Your Grandmothers told them to stop
What is there about a well placed curse that spices a novel or a conversation?
Perhaps it's genetic or evolutionary.
"The Jacobean dramatist Ben Jonson peppered his plays with fackings and "peremptorie Asses," and Shakespeare could hardly quill a stanza without inserting profanities of the day like "zounds" or "sblood" - offensive contractions of "God's wounds" and "God's blood" - or some wondrous sexual pun.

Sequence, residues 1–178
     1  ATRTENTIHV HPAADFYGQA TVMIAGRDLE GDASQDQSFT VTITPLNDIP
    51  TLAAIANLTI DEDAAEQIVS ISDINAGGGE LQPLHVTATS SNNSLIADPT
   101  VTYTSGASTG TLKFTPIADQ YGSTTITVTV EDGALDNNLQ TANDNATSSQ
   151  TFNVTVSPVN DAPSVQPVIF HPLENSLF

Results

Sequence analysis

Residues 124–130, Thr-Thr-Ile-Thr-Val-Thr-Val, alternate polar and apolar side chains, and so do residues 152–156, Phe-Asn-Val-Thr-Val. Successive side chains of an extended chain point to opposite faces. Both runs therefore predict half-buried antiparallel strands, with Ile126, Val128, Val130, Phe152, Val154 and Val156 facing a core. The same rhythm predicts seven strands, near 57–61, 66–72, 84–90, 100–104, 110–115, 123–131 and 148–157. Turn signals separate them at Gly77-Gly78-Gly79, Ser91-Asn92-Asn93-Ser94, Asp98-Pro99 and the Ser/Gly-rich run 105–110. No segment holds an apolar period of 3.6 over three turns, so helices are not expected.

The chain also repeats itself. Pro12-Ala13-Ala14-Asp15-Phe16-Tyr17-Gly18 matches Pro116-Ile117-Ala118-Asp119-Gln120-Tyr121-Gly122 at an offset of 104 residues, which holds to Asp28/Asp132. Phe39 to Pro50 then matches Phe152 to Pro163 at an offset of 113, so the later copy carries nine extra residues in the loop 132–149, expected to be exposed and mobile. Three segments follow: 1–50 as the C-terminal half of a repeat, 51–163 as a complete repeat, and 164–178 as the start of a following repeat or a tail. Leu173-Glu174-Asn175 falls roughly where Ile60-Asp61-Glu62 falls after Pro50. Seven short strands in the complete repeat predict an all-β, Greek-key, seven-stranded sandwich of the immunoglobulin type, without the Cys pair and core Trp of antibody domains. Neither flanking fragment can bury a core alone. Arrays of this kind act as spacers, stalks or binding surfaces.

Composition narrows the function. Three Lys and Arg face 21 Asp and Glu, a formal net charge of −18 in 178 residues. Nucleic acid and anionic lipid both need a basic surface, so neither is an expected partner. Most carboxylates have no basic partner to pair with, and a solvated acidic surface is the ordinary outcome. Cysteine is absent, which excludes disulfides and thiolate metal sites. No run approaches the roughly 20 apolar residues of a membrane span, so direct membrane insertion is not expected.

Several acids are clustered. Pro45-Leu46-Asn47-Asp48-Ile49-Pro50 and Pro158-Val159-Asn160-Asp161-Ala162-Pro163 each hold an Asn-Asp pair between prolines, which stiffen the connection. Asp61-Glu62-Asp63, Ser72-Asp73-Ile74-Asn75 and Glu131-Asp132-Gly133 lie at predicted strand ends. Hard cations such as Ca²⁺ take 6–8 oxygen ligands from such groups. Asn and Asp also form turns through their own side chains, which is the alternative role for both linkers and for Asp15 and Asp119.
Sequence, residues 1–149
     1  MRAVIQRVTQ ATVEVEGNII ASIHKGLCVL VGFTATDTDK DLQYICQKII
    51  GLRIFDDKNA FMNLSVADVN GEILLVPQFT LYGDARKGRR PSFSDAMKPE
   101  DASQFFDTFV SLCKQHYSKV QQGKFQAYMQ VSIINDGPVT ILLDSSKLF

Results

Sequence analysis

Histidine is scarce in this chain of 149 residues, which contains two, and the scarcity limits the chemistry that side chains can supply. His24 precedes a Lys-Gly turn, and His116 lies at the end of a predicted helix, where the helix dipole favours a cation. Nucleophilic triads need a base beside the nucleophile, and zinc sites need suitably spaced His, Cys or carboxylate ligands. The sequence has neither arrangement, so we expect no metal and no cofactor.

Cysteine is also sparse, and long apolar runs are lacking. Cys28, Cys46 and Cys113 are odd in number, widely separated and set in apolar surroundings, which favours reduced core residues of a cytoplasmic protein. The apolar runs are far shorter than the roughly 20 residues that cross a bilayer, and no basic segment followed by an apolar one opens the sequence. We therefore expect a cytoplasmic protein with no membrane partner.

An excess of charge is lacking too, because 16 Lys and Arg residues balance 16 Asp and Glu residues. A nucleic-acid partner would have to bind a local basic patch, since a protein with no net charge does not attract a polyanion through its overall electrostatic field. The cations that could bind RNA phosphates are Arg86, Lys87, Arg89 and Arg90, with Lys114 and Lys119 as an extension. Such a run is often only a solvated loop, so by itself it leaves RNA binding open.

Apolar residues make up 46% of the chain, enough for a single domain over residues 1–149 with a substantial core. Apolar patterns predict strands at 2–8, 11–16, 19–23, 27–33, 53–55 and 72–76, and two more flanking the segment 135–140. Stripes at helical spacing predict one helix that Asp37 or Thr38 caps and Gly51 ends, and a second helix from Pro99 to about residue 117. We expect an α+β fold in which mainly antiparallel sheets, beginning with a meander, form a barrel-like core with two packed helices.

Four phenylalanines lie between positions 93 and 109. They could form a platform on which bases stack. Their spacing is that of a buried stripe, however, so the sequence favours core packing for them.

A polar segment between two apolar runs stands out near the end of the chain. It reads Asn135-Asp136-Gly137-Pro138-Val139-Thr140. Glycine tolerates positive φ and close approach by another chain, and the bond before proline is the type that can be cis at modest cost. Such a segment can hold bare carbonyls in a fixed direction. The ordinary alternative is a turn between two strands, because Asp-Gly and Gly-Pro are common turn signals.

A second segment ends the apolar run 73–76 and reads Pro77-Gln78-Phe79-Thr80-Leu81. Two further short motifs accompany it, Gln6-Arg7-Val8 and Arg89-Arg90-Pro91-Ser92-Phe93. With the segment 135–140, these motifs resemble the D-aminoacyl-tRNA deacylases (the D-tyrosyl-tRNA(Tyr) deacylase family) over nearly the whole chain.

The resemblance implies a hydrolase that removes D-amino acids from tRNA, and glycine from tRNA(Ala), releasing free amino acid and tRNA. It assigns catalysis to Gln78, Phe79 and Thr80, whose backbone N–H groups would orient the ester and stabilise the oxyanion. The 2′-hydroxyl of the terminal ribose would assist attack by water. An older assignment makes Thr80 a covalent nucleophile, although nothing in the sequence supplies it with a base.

Even the quintessential Good Book abounds in naughty passages like the men in II Kings 18:27 who, as the comparatively tame King James translation puts it, "eat their own dung, and drink their own piss."
Almost before we spoke
Refered to by:
The Antiquity Of Cursing
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